From a reader:
I’m a student at ___, studying Psychology and Theology. First off, IMy name’s __, and I’d like to thank you for your blog. I’ve learned a lot that I’ve been able to share with my friends about the Sacred Liturgy.
The topic of ad orientam worship seems to come up a lot on your blog. Personally, I would prefer that Holy Mass be celebrated that way, but while studying the GIRM (I was in the seminary for a 3 semesters) I ran across paragraph 299:
“The altar should be built apart from the wall, in such a way that it is possible to walk around it easily and that Mass can be celebrated at it facing the people, which is desirable wherever possible…”.
You speak a lot about following the rubrics and the GIRM, saying mass the way Holy Mother Church commands us to. You’ve cited the GIRM to encourage things like chalice veils. How can you reconcile your endorsement of ad orientam worship in the Ordinary Form with your insistence on “Say the Black, Do the Red”? Not attacking you of course, Father, just wondering what your rationale is?
I have written about GIRM 299 several times. Here is a good link to one entry: What Does GIRM 299 Really Say?
The short answer is that you have been duped, probably on purpose.
The English translation you reference, even though it might be on an official site or in a document, is wrong. It does not accurately translate the Latin of the GIRM, which is a serious problem. As you will see… it caused you confusion.
It is sad when we cannot trust entirely the translations of important paragraphs in important documents. But the folks who put that together didn’t like what the Latin expressed.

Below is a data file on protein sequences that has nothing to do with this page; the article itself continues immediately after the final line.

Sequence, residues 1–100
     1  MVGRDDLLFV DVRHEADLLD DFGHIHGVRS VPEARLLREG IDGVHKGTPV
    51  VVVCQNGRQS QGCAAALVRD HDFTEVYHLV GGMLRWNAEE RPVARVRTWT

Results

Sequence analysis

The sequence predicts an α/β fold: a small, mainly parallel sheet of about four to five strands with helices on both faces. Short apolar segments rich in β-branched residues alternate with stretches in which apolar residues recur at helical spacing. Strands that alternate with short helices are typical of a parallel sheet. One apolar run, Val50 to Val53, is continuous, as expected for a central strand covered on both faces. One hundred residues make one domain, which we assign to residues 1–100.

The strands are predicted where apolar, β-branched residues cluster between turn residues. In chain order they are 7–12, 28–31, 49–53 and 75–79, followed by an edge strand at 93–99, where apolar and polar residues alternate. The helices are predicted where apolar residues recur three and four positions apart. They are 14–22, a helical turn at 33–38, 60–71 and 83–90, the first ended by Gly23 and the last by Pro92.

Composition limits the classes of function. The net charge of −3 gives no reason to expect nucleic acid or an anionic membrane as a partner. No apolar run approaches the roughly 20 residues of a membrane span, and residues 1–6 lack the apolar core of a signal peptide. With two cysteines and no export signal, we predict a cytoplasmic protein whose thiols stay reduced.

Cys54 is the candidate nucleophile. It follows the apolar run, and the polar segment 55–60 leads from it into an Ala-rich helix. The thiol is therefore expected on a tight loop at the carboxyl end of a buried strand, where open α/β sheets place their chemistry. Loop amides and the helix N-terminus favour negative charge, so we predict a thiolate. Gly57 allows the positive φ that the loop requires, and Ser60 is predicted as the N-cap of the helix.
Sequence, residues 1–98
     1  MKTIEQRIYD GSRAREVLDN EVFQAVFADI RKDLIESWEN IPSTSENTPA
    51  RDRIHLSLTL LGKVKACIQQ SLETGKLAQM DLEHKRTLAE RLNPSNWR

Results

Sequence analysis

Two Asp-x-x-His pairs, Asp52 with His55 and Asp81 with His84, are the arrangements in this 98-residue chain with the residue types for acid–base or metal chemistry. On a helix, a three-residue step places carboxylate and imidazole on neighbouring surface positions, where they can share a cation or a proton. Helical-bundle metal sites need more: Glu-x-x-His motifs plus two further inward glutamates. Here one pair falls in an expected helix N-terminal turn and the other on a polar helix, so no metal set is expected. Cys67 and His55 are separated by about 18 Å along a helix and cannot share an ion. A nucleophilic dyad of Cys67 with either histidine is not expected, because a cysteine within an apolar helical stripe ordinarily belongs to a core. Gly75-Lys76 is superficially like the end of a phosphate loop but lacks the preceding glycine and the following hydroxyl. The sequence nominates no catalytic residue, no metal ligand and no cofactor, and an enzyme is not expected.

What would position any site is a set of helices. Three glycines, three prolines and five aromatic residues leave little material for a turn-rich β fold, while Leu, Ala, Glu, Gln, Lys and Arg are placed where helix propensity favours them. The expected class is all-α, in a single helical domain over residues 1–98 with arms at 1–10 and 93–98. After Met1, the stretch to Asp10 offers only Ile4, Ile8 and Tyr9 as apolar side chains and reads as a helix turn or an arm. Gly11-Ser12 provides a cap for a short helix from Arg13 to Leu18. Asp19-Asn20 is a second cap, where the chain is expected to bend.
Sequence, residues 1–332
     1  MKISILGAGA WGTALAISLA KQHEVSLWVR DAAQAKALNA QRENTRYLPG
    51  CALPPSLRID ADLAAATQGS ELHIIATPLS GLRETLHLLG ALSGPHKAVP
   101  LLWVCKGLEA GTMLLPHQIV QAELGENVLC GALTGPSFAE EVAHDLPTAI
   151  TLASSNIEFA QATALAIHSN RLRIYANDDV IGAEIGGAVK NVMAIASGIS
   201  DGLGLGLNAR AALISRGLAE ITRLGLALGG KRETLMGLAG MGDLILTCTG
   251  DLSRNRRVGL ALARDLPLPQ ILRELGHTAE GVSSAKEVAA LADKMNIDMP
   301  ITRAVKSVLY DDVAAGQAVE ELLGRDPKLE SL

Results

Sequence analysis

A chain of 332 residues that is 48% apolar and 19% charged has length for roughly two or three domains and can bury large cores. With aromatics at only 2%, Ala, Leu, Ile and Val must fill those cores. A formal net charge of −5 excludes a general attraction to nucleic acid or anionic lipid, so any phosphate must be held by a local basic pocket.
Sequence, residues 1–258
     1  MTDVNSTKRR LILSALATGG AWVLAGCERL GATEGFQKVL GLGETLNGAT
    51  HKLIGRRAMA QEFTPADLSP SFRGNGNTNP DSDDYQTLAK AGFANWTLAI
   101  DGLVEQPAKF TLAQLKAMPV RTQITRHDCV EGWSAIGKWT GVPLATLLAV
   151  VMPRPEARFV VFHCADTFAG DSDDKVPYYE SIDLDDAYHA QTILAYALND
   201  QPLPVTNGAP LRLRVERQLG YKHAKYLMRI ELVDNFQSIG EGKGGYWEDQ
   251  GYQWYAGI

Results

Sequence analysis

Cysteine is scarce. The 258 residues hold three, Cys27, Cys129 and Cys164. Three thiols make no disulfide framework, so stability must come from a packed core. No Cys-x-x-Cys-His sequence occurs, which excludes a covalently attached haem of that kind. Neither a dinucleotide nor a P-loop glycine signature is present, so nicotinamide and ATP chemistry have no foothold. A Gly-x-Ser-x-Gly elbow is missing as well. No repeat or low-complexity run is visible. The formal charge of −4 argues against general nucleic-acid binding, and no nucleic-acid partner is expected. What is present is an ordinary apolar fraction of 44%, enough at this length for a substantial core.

Briefly, here is the skinny.
This is what GIRM 299 really says:
Altare maius exstruatur a pariete seiunctum, ut facile circumiri et in eo celebratio versus populum peragi possit, quod expedit ubicumque possibile sit.
The main altar should be built separated from the wall, which is useful wherever it is possible, so that it can be easily walked around and a celebration toward the people can be carried out.
Before the USCCB put out their document Built of Living Stones, with the incorrect translation you cited, the Congregation for Divine Worship responded to a question about this very paragraph and actually explained the Latin grammar. I unfold that in the entry I linked.
Here is the meat of the CDWDS’s response about that which, I repeat, was made before the USCCB issued Built of Living Stones.
The Congregation for Divine Worship and the Discipline of the Sacraments has been asked whether the expression in n. 299 of the Institutio Generalis Missalis Romani constitutes a norm according to which the position of the priest versus absidem [facing the apse] is to be excluded. The Congregation for Divine Worship and the Discipline of the Sacraments, after mature reflection and in light of liturgical precedents, responds:
Negatively, and in accordance with the following explanation.
The explanation includes different elements which must be taken into account. First, the word expedit does not constitute a strict obligation but a suggestion that refers to the construction of the altar a pariete sejunctum (detached from the wall). It does not require, for example, that existing altars be pulled away from the wall. The phrase ubi possibile sit (where it is possible) refers to, for example, the topography of the place, the availability of space, the artistic value of the existing altar, the sensibility of the people participating in the celebrations in a particular church, etc.
I hope that clear up your question!